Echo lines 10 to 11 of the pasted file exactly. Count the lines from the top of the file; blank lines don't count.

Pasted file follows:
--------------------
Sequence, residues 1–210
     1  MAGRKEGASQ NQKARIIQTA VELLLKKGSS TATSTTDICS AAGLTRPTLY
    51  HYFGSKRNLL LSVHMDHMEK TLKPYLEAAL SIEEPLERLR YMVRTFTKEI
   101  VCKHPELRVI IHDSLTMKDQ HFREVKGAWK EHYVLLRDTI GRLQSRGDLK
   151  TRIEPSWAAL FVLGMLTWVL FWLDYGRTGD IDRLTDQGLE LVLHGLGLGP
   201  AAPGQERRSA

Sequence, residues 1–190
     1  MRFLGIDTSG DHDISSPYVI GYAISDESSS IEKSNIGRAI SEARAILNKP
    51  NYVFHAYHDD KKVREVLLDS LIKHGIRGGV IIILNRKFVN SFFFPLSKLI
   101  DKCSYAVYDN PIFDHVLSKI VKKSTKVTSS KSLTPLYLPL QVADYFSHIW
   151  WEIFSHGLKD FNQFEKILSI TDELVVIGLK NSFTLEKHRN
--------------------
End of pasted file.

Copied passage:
   101  DKCSYAVYDN PIFDHVLSKI VKKSTKVTSS KSLTPLYLPL QVADYFSHIW
   151  WEIFSHGLKD FNQFEKILSI TDELVVIGLK NSFTLEKHRN